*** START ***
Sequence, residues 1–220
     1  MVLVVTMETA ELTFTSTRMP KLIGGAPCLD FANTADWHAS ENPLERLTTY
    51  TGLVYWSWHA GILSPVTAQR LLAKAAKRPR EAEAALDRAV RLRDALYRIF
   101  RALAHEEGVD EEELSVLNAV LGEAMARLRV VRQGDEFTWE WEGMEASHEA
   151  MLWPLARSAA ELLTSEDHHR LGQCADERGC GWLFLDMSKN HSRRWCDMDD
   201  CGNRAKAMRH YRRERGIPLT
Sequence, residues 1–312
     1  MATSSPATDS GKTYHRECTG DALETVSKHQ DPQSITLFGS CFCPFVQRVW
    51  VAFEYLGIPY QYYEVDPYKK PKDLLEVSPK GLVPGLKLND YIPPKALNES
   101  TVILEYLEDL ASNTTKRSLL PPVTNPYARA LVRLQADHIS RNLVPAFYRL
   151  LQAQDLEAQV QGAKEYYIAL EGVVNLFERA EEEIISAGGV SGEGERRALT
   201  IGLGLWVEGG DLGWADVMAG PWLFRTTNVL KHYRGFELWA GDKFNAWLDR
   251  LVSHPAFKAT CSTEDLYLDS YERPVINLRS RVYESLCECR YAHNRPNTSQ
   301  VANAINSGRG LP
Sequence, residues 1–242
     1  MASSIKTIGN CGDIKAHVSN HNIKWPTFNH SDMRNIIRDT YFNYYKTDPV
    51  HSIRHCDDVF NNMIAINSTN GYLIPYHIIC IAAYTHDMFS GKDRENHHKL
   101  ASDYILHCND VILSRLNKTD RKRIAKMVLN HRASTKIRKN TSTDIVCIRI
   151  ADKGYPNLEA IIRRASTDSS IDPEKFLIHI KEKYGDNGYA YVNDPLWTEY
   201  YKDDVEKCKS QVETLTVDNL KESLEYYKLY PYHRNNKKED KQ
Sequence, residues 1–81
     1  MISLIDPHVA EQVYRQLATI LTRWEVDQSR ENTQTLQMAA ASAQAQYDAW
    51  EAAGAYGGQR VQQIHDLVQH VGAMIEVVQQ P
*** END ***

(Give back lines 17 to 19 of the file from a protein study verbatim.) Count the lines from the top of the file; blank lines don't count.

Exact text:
    51  HSIRHCDDVF NNMIAINSTN GYLIPYHIIC IAAYTHDMFS GKDRENHHKL
   101  ASDYILHCND VILSRLNKTD RKRIAKMVLN HRASTKIRKN TSTDIVCIRI
   151  ADKGYPNLEA IIRRASTDSS IDPEKFLIHI KEKYGDNGYA YVNDPLWTEY